Bill would limit mining for gold
Friends of Buckingham has a bill in the Virginia House of Delegates that calls for a study evaluating the impacts of gold mining on public health, safety and welfare in the state while also setting a temporary limit on gold mine operations.
The bill also asks for a recommendation as to whether the issuance of any permit to operate a gold mine should be prohibited.
House Bill 2213 (HB2213), is being carried by Del. Elizabeth Guzman and was referred Wednesday, Jan. 13, to the House’s Committee on Rules.
The piece of legislation stemmed from the Friends of Buckingham group because Canadian-based company Aston Bay Holdings had been performing drilling activities in search of gold in Buckingham for several years on the property of the Weyerhaeuser timber company. It wasn’t until 2020 that citizens and officials became aware of the drilling operations.
In a Friday, Jan. 15, email newsletter, Friends of Buckingham Secretary Heidi Dhivya Berthoud expressed frustration that the Buckingham County Board of Supervisors voted recently to allow commercial core drilling.
“Not only did they vote on Monday (Jan. 11) to allow (make legal the formerly illegal) commercial core drilling, there will be no required recording or oversight,” she wrote, “unlike drilling for a water well or a drain field, which require permits and recording for the rest of us. They just let industry run right over them… very disappointing.”
In a Wednesday, Jan. 20, newsletter, Berthoud encouraged recipients to send action letters to the 18 House Rules Committee members, urging them to support HB2213.
“HB2213, our Gold Moratorium bill, was sent first to the House Rules Committee, as we are asking for a study to look at the impacts of gold mining, for which we see that Virginia is ill-prepared,” Berthoud wrote. “It is expected to be reviewed and voted on by Friday, (Jan. 22,) so please act now.”
The email also provided the names and phone numbers of each House Rules Committee member, offering a brief, pre-written message people could leave for the 18 delegates.
“This is our urgent request for a moratorium on gold mining to allow for time to study the impacts to the drinking water of potentially millions of Virginians,” part of the message read. “An exploratory company has already found gold in Buckingham County. They say their find will lead to large-scale mining. Modern metal mining is the nation’s No. 1 toxic polluter. Because Buckingham was the target of previous industry projects like the Atlantic Coast Pipeline, we know that a company who comes to this environmental justice community to open a mine will not have our best interests in mind.”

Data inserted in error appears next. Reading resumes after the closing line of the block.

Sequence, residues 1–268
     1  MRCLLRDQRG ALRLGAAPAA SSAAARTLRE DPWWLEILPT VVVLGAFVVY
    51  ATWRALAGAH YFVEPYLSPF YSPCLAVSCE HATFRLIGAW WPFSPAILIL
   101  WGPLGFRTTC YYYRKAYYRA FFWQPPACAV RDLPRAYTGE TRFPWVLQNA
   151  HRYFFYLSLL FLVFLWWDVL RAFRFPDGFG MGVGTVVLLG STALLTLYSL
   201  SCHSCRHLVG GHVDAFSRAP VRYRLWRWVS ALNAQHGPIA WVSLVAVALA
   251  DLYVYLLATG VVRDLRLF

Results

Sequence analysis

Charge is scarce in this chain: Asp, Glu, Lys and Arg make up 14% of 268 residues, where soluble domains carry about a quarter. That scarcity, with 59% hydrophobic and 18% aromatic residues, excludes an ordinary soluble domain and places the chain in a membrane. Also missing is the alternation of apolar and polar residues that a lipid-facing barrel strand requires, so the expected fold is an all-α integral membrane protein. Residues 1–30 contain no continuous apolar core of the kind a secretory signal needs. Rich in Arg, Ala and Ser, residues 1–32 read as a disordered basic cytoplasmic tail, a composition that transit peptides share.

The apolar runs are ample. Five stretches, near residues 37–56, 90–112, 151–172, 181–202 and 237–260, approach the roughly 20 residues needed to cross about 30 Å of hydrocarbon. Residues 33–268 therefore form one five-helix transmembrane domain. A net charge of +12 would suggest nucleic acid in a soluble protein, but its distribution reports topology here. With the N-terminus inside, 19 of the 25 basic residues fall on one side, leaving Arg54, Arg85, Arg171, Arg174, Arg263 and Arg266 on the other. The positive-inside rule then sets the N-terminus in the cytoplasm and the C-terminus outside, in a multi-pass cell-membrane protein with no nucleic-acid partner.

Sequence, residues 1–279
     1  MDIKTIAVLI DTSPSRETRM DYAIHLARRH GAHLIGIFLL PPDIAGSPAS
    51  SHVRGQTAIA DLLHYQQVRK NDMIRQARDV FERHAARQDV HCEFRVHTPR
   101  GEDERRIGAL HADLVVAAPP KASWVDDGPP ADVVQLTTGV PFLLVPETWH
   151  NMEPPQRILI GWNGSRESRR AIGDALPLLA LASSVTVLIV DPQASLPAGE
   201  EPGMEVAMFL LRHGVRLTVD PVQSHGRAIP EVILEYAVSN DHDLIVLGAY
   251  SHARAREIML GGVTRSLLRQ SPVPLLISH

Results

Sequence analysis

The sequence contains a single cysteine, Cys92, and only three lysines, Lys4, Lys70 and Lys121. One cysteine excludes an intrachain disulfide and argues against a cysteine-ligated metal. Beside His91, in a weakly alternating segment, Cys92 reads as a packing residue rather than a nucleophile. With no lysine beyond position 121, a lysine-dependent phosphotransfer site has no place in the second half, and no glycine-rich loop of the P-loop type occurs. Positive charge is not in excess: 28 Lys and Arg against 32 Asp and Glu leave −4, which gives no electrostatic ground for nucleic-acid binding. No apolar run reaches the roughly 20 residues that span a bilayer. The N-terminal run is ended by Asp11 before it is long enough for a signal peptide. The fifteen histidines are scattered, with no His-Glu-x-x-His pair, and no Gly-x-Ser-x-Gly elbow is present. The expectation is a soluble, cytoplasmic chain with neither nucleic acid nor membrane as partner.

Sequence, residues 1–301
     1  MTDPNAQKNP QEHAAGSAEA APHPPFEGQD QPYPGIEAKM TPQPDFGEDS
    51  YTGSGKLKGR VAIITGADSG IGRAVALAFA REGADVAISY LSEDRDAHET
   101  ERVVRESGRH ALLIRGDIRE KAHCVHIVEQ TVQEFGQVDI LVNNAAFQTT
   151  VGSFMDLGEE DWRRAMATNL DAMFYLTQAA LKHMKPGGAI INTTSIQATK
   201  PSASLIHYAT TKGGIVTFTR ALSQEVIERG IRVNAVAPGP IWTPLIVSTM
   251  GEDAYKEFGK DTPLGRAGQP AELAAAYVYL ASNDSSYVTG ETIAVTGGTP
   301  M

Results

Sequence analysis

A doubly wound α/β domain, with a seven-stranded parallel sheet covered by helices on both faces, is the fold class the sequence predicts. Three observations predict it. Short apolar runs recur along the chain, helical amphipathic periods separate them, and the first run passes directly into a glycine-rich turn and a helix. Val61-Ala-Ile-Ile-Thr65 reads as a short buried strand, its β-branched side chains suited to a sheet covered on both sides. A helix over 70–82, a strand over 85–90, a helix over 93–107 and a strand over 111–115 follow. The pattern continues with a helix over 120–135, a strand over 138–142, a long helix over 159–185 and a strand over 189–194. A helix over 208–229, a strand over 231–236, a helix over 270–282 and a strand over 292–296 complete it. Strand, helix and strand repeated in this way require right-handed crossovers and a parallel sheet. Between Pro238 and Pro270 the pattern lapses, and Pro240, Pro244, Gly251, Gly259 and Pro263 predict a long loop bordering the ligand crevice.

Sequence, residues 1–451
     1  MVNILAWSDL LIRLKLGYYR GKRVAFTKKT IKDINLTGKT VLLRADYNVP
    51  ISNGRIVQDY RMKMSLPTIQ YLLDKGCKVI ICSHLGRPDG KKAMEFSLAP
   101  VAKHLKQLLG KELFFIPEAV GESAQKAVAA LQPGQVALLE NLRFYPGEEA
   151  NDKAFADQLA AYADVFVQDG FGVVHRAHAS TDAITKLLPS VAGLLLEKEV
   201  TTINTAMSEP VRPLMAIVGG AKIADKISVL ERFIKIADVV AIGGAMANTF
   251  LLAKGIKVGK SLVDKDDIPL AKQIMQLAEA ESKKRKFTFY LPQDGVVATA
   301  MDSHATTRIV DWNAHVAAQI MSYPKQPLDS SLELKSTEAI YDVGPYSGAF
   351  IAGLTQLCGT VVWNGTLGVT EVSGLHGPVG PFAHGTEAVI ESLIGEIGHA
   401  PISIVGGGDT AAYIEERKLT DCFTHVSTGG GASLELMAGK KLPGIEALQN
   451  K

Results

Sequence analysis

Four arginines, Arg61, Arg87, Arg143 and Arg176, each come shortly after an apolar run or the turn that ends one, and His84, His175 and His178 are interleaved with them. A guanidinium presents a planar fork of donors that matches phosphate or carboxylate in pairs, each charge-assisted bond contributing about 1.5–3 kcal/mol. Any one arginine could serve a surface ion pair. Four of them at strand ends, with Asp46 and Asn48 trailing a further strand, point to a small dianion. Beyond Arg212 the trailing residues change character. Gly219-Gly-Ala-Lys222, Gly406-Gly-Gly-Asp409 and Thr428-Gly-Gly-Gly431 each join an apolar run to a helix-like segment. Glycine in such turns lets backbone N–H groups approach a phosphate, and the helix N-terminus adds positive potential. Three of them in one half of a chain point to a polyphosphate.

Following is the summary of HB2213 found in Virginia’s Legislative Information System online:
“Directs the Secretary of Natural Resources, the Secretary of Health and Human Resources and the Secretary of Commerce and Trade to conduct a study of the mining of gold in the commonwealth. The bill requires that the study be conducted in consultation with the Virginia Council on Environmental Justice and appropriate stakeholders, including experts in mining, hydrology, toxicology and other fields; environmental organizations; representatives of potentially affected communities in localities with significant deposits of gold; and residents of Native American communities in such counties.
“The bill provides that the study shall evaluate the impacts of gold mining on public health, safety and welfare; evaluate whether existing air and water quality regulations are sufficient; consider which processing and beneficiation techniques, including cyanide heap leaching and cyanide vat leaching, should be permitted; consider whether the dewatering of an open pit mine should be permitted; make a recommendation as to whether the issuance of any permit to operate a gold mine should be prohibited; and report its findings to the General Assembly by July 1, 2023. The bill also prohibits the issuance of any permit by the Department of Mines, Minerals and Energy to operate a gold mine of an area larger than 10 acres until July 1, 2024.”